Common allergic symptoms are sneezing, runny nose, itchy eyes or asthma attacks. Allergy symptoms are caused by your body's reaction to a substance (allergen) that is inhaled, touched or eaten. Allergens cause no symptoms in a non-allergic person, but in an allergic person who is sensitized to that antigen, an immune reaction against the allergen causes symptoms.
In allergy, the body responds to the allergen in the same way it would respond to fight off infection by a parasite. The immune system recognizes the substance as foreign and activates an army of antibodies to eliminate the invader. The antibodies bind with the allergen and then trigger immune system cells to release chemicals, such as histamine. This release of histamine is what causes most allergy symptoms.
Allergy shots, also known as allergen immunotherapy, cause the body to stop generating symptoms after exposure to certain allergens. Tiny amounts of the offending substance are injected under the skin with each shot. The shots stimulate the immune system just a little each time. Gradually, over weeks and months, the amount of allergen is increased.
This very constant, low-level exposure stimulates a different type of immune reaction against the allergen. This new pattern of immune reaction substitutes for and is less bothersome than a traditional allergic response.
Allergy shots can be a good long-term solution when they work well. For people who respond to the treatment, allergy shots can make allergy symptoms less severe and can cause them to occur less often.
Many people benefit from allergy shots for many years after going through a full course of shots. A full course is three to five years. It can take about six months to a year for symptoms to start to subside. For some people, there may be no or little effect even after a year of treatment--in this case, it is not worth continuing the treatment.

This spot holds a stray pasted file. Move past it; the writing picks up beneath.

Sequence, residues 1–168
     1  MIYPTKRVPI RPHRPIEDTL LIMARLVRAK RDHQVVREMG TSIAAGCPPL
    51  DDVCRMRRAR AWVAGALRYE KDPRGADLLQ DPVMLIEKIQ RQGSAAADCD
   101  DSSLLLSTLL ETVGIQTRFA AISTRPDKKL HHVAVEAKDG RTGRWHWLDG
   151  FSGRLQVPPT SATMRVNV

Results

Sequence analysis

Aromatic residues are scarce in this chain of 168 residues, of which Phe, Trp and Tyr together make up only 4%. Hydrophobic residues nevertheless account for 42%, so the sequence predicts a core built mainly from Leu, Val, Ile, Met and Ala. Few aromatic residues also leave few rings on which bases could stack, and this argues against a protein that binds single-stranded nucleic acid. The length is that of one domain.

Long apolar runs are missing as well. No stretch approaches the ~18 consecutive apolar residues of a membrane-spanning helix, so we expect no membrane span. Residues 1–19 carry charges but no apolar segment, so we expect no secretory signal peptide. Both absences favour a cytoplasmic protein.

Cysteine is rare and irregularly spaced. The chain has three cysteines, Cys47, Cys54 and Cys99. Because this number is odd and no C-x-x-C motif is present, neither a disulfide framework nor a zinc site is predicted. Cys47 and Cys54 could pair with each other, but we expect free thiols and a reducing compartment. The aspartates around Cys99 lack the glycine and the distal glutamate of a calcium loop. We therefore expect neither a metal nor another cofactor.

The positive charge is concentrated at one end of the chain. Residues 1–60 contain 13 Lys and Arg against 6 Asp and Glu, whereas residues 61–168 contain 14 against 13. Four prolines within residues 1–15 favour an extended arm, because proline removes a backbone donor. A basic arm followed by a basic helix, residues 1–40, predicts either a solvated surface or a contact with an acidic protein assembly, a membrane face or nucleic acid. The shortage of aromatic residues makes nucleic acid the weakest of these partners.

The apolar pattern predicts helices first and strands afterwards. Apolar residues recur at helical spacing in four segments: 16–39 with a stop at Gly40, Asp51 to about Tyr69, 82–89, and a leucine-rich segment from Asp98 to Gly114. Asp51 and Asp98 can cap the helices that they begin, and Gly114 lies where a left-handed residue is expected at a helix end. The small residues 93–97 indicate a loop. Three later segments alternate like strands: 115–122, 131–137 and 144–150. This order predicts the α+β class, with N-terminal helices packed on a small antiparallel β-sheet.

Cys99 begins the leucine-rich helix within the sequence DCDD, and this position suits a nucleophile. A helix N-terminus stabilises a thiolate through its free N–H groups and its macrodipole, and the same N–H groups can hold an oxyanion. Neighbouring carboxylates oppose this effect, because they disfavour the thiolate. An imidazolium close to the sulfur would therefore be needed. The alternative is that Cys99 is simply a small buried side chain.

Allergy shots are recommended for people with severe allergy symptoms who do not respond to usual medications. They are useful for people who have significant side effects from their medications. They can also be useful for people who find their lives disrupted by allergies, or people for whom allergies might become life threatening, such as people who develop asthma attacks or a severe allergic reaction called anaphylaxis. Allergy shots can be used to reduce the severity of reactions to insect stings.
Not all allergies can be treated with allergy shots. Food allergies are not treated with allergy shots. The risk for having an anaphylaxis reaction is too high. However, some children with food allergies have successfully been treated with a treatment that is similar to allergy shots—oral immunotherapy. Oral immunotherapy is given by mouth, not as a shot. It is still considered experimental, and is not yet widely available. Avoidance of foods to which you are allergic currently the best strategy for preventing food allergy reactions.